Kennedy’s rationale for run remains fuzzy
Promises to upend DC power structure in debate with Markey
IN THEIR FIRST DEBATE, Rep. Joe Kennedy III tried to provide a rationale for his challenge to incumbent Sen. Ed Markey by suggesting his youth and energy could help lead a nationwide effort to restore Democrats to power in Washington.
Kennedy, who has been criticized for challenging a liberal Democrat in Massachusetts at a time when many believe his focus should be on removing President Trump and flipping Republican seats in other states, appeared to suggest he could do both at once.
“This is not a swing state and this is not a swing seat,” Kennedy acknowledged. But he said as senator he would provide a constant presence in Massachusetts, champion the causes of those victimized by President Trump, and restore Democrats to power so they as a group could pursue issues the Bay State cares about.
“This isn’t about whether or not Sen. Markey has made an important contribution. Of course he has,” Kennedy said. “This is not about filing the right bill and voting the right way. We have to do everything we can to restore power to a Democratic Party across the entire country, flip the House, flip the Senate, flip the presidency, and restore the court, and that is the type of leadership that I can bring to the seat.”
Markey insisted he has done more than file bills and vote on them over his 40 years in Congress. He said he has delivered laws, including a ban on Chinese assault weapons in 1994, fuel economy standards in 2007, appliance energy standards in the mid-1980s and early 1990s, $25 million in funding for the Centers for Disease Control and the National Institutes of Health to research gun violence in 2019, and appropriations to fund research on a cure for Alzheimer’s disease.
“On the big issues of today, the challenges of today, I’ve not only been leading but I’ve been delivering with legislation which passes, which protects the people of Massachusetts and the country,” Markey said.
Kennedy said there had been no meaningful gun violence legislation in decades and the last transformative environmental legislation to pass was the Clean Air Act in the 1960s. Markey said his gun violence research legislation was the last major piece of legislation dealing with guns and the last major environmental measure was his 2007 law doubling fuel economy standards.
On most issues – immigration, Trump, rent control, Medicare for all, and the Green New Deal – the candidates differed only marginally. Their talking styles, however, were different. The 73-year-old Markey recounted stories from his childhood and lessons learned from his working class parents. Kennedy, meanwhile, dropped a reference to his uncle, the former senator Edward M. Kennedy, and made clear he has youth on his side, mentioning he is 39 with two young children.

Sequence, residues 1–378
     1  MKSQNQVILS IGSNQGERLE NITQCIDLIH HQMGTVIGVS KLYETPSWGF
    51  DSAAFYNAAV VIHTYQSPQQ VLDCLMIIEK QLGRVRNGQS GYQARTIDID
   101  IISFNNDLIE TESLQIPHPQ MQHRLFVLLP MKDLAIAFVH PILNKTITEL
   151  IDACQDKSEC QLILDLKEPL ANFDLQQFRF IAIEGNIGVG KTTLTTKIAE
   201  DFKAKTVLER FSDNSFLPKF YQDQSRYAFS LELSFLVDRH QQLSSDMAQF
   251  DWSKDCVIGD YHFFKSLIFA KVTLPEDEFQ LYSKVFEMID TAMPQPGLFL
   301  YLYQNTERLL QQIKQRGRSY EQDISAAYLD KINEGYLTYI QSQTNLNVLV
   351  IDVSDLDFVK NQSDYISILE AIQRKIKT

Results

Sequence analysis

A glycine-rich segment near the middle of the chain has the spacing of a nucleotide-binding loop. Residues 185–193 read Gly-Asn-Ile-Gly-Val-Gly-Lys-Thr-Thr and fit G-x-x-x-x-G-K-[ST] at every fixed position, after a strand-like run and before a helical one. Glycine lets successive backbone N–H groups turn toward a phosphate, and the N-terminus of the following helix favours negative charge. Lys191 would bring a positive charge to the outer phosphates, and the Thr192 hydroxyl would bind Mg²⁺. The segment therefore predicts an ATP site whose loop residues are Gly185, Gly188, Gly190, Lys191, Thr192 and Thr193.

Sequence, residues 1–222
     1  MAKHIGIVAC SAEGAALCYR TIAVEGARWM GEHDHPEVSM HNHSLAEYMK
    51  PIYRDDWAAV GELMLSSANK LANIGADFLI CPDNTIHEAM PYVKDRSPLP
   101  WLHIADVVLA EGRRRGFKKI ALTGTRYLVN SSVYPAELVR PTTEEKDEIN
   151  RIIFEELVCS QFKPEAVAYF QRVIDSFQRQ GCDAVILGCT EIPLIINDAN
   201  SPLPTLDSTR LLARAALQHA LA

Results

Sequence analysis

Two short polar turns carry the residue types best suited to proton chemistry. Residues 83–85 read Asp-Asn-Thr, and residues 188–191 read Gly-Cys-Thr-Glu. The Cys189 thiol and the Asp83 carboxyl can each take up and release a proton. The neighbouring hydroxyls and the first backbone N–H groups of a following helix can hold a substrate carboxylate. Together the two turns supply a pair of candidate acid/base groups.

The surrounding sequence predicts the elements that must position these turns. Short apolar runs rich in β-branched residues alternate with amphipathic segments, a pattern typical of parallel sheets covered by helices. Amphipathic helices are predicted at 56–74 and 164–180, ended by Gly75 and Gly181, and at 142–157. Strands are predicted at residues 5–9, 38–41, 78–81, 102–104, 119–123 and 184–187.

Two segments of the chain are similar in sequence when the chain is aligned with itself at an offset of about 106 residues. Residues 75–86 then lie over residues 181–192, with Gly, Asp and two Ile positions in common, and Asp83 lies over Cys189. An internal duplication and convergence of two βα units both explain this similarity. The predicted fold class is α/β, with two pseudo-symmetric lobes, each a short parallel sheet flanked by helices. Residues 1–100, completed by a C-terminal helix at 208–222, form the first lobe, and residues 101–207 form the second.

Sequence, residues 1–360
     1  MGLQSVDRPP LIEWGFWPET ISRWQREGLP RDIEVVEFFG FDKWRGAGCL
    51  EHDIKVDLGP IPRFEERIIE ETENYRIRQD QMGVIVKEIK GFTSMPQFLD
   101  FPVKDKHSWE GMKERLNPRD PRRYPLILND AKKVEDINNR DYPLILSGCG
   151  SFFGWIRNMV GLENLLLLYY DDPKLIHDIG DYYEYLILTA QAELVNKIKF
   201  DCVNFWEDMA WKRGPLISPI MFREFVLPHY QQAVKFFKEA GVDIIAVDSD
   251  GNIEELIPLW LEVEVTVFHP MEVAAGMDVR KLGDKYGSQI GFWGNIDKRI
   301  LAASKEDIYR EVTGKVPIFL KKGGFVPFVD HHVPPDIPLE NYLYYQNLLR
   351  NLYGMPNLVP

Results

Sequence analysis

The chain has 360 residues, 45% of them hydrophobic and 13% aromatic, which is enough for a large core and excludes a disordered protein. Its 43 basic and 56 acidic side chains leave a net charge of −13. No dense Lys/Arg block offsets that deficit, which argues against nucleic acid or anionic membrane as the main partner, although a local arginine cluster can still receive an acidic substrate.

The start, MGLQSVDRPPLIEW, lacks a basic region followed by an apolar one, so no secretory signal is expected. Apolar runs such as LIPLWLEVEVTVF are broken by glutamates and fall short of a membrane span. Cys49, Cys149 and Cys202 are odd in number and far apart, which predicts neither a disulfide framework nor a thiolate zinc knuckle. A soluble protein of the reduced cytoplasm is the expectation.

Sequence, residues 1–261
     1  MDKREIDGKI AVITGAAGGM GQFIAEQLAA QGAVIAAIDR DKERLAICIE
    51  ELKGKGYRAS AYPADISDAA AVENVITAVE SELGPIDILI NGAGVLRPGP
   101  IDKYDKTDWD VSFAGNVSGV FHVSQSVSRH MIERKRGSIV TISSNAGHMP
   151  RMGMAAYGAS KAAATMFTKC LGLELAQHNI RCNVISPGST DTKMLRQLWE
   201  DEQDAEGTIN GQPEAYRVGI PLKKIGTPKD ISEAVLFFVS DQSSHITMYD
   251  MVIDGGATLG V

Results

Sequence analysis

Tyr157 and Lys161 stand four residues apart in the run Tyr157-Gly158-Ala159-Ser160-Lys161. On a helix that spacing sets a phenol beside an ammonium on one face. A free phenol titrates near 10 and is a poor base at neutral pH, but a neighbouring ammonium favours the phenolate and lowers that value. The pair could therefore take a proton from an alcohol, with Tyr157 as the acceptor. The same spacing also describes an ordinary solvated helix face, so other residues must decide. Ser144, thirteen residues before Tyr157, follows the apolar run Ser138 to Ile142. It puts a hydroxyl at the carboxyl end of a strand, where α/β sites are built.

Kennedy seemed to score some debating points with his push for a People’s Pledge, which would be a voluntary agreement by the two campaigns not to allow dark money from super PACs to play a role in the race. Markey supported the People’s Pledge the last time he ran for office, but this time is calling for an exemption from the ban for progressive groups with positive messages. “We should not silence those progressive groups,” Markey said.
“Dark money is dark money,” Kennedy warned, questioning who would arbitrate whether a message was positive or not.
Markey responded that the media could decide, but Kennedy doubted journalists could assume that role and, even if they could, their assessment would only be after the fact.
Markey said he regretted his vote on Iraq, saying the Bush administration lied about weapons of mass destruction inside the country. He said he voted present on the Syrian measure because he hadn’t yet obtained all the facts on the Obama administration proposal. He said he came out against the bill once he had all the facts, and that information served as a “disinfectant,” prompting the Obama administration to withdraw the proposal.Kennedy said a present vote on a matter of war is not a principled stand. “A present vote is not a disinfectant,” he said.
The two politicians debated on a live telecast by WGBH that was moderated by Jim Braude and Margery Eagan.